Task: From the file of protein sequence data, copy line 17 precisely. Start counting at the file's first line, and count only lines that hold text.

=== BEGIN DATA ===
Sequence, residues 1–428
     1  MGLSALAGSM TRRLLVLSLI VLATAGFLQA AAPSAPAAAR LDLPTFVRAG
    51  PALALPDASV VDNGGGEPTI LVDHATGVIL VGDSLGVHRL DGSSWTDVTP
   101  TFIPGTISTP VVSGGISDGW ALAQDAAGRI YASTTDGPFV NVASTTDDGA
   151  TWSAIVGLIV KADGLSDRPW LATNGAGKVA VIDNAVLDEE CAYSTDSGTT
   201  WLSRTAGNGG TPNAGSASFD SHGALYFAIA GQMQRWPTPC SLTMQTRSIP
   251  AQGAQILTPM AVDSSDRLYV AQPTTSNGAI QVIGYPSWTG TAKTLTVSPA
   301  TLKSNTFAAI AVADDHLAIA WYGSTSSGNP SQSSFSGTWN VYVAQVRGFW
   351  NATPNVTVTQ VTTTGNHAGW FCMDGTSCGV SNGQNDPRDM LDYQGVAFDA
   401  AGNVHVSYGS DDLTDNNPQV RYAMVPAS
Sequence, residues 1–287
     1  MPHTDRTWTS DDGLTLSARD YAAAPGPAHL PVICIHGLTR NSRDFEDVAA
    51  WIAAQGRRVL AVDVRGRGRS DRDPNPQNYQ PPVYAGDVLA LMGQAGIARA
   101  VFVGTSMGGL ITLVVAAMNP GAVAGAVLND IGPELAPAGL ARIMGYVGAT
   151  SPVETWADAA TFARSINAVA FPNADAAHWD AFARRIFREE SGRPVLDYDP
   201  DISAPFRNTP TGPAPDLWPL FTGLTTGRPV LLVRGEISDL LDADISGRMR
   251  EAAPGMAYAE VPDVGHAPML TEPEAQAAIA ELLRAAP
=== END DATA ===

   251  EAAPGMAYAE VPDVGHAPML TEPEAQAAIA ELLRAAP